Although retraining the modems to use a different bit rate may partially solve the problem of having a communication protocol which is not best suited to the existing conditions in the computing environment, retraining alone may not be the most effective solution. For example, if V.34 technology is being used at a rate of 28,000 bits per second, it may conserve system resources to retrain the modems to operate at 2400 bits per second, but this still requires more resources than if the modems were using V.22bis technology at 2400 bits per second. The difference in microprocessor utilization between V.34 and V.22bis technologies can be seen in FIG. 3. One embodiment of the invention therefore also provides for renegotiation of the modem technology used in the connection as well as retraining of the modems.

Many of the same parameters that are monitored to determine whether retraining is required are also monitored to determine whether it would be advantageous to renegotiate the modem technology. There may also be parameters that indicate a need to re-select the modem technology which are not monitored in regard to retraining. When one of the modems determines that it would be beneficial to select a new modem technology, it sends a signal to the other modem requesting that the modems renegotiate the technology. If the request is accepted by the other modem, the request is acknowledged and the modems re-enter the negotiation phase of the handshaking procedure. After the new technology is selected, the modems are trained and an appropriate bit rate is selected as well. The modems can then continue the transfer of data between them.

For example, if a modem connection is established on a telephone line that has no carrier phase jitter, the modems may negotiate a technology which does not perform well in the presence of such jitter. If one modem observes that a substantial amount of jitter has arisen on the line, it may request renegotiation so that a technology which is immune to jitter can be selected. The requesting modem may force selection of this technology by refusing to acknowledge that it employs other technologies. After the new technology is selected, the modems can continue transferring data.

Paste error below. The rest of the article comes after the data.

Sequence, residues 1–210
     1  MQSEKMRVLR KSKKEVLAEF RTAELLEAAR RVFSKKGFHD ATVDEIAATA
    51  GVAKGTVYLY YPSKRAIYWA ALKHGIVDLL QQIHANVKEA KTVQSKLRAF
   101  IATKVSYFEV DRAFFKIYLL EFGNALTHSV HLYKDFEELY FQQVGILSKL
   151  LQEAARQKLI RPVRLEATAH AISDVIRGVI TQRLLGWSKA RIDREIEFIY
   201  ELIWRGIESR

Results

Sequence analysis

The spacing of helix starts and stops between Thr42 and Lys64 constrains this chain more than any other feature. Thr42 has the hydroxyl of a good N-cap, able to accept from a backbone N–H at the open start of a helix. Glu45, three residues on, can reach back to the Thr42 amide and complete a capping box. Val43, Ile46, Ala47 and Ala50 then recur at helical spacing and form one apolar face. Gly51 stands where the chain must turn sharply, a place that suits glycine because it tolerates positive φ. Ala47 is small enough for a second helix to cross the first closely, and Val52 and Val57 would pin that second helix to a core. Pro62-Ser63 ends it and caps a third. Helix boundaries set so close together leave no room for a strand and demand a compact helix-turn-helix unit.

As another example, modems that employ newer technologies typically require more power than those employing older technologies. In a notebook computer, minimizing power dissipation is a primary concern because of the desire to conserve battery power. If a notebook user initiates a modem connection (to use a web browser, for instance) but is called away for some reason, the notebook may be configured to power itself down so that the display, disk drive and other components do not draw power from the battery. If the modem connection is maintained, however, a prior art modem cannot be powered down and continues to dissipate power even though little or no data is being transferred. One embodiment of the invention, on the other hand, can detect inactivity (i.e., no data is transferred) for a given period of time and request renegotiation in which a technology having lower power dissipation can be selected.

As described above, one embodiment of the invention senses parameters relating to the computing environment and can renegotiate a technology which uses more or less of the resources of the computer. Such conservation of shared resources can be achieved not only in computing environments such as personal computers (PCs), but also in environments such as modem pools. For example, in a central office modem pool which implements higher-capacity xDSL (Digital Subscriber Lines) technologies and lower-capacity xDSL technologies, a certain number of clients can establish connections to the modem pool using the higher-capacity technologies. If renegotiation is not possible, additional clients who attempt to establish connections will be unable to do so. In one embodiment of the invention, however, the modem pool can renegotiate the current connections to select the lower-capacity xDSL technologies, thereby freeing resources so that additional clients may establish connections.

It should also be noted that embodiments of the invention are not limited to software implementations. Stand-alone hardware modems (referring to both internal and external hardware) may easily be configured as described herein.